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Thank you everyone for the support. I was feeling better about all this, and then the anniversary of the diagnosis came around along with a lot of other stress which just kind of sent me into a tailspin. As someone mentioned I do feel like my body has betrayed me. Like it plotted against me to make everything harder, as if it wasn't hard enough as it is. I'm terrified of getting sick. I'm terrified of traveling, something I used to do easily. I now feel like my life is controlled by food, something I never really liked in the first place.

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Thank you everyone for the support. I was feeling better about all this, and then the anniversary of the diagnosis came around along with a lot of other stress which just kind of sent me into a tailspin. As someone mentioned I do feel like my body has betrayed me. Like it plotted against me to make everything harder, as if it wasn't hard enough as it is. I'm terrified of getting sick. I'm terrified of traveling, something I used to do easily. I now feel like my life is controlled by food, something I never really liked in the first place.

Anniversarys are hard when they are anniversarys associated with unpleasent events. Sometimes it seems no matter how hard we try they still overshadow everything good that is going on in our lives. I hope at some point this will become easier for you and that anniversary will become one to celebrate not mourn. ((((((((((((((hugs)))))))))))))))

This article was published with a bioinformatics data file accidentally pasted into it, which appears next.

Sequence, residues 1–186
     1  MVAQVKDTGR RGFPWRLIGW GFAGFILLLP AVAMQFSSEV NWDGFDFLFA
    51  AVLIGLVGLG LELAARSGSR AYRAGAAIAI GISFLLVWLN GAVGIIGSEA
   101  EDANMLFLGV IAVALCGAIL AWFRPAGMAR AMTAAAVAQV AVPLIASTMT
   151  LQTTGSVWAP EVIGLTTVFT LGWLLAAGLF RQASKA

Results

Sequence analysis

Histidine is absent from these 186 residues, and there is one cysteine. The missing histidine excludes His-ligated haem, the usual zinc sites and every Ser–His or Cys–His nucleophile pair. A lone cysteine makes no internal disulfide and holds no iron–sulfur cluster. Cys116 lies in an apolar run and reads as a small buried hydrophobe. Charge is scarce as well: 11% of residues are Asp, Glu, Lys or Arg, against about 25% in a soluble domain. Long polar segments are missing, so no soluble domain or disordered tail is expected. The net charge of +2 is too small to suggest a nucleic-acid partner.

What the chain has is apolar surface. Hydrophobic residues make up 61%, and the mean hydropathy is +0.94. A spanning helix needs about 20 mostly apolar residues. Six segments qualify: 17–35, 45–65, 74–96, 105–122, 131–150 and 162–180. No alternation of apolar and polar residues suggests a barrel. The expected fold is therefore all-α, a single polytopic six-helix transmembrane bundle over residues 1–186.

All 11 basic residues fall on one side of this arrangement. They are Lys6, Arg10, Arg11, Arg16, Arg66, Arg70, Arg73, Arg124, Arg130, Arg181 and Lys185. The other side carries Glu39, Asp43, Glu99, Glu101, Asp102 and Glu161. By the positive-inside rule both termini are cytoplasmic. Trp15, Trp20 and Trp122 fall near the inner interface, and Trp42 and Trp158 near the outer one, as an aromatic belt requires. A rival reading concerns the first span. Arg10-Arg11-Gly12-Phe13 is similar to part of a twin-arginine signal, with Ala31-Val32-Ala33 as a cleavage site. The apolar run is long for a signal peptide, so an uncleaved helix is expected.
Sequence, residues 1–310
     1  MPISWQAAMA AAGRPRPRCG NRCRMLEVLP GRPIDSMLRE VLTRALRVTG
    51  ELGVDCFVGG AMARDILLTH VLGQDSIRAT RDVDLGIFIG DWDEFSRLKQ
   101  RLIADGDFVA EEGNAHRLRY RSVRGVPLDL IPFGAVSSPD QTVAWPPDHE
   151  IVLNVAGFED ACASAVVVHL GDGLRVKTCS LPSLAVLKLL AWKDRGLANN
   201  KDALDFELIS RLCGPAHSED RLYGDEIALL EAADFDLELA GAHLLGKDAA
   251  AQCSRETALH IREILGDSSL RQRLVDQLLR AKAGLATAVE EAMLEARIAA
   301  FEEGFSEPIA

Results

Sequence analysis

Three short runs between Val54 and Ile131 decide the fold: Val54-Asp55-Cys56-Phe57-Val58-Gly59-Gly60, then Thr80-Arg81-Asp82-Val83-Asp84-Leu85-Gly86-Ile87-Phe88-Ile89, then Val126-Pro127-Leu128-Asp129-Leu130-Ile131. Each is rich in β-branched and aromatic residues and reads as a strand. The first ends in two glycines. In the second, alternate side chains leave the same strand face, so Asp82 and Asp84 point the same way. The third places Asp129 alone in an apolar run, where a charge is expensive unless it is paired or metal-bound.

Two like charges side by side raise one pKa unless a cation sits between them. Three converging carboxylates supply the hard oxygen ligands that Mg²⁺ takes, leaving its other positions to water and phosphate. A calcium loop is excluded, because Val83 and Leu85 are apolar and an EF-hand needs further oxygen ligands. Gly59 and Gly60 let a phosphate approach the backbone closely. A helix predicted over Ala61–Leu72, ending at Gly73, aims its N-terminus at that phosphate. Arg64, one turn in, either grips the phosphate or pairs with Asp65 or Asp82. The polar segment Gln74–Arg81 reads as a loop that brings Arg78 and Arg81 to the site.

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I haven't had communion in a long time, I've been getting the nerve to talk to the pastor, I know it's nothing, it's just that I just don't feel like talking to him about celiac disease right now.

If you're Catholic, a priest should be able to get you rice wafers with their own pix to prevent CC. Still wouldn't recommend drinking the wine.

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If you're Catholic, a priest should be able to get you rice wafers with their own pix to prevent CC. Still wouldn't recommend drinking the wine.

Those rice wafers still have to contain a small amount of wheat. The host is gluten light but not gluten free.

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So sorry it's been so frustrating and frightening lately.

My own anniversary just passed, too - August 10th - and I can so sympathize. The fear of being able to eat safely can be SO difficult. I've never been a big foodie, either, and now I feel like I think about food all the time, or at least I'm forced to. And oh man, travelling, yeah - it takes so much planning, for every meal during the trip, yes? Very, very difficult and upsetting and sometimes just wanna throw back my head and scream because it feels like there's nothing left that's just EASY in life. I know that's not true, but some days it certainly feels like it is.

And really, all I can say is I wish I could just give you a nice, big hug and we could go and have a griping session about all the things that we miss and such. Sometimes, I think that's all one can do...sigh, sometimes that's all we have time to do before we have to go think about food again, eh?

Do you have any Celiac Groups in your area? Now that it's been a year, I'm finally going out to meet some fellow Celiacs. It was truly something very nice. We all went to a park, all brought gluten-free foods from gluten-free kitchens, and everyone labeled it all because so many of us have other food allergies. And it was just honestly NICE to be around people who understood what an impact this makes on our lives in today's society. If you have anything like that in your area, maybe that might be a nice place to get a good griping partner, ya know? I think at times like this, sometimes that's so very useful.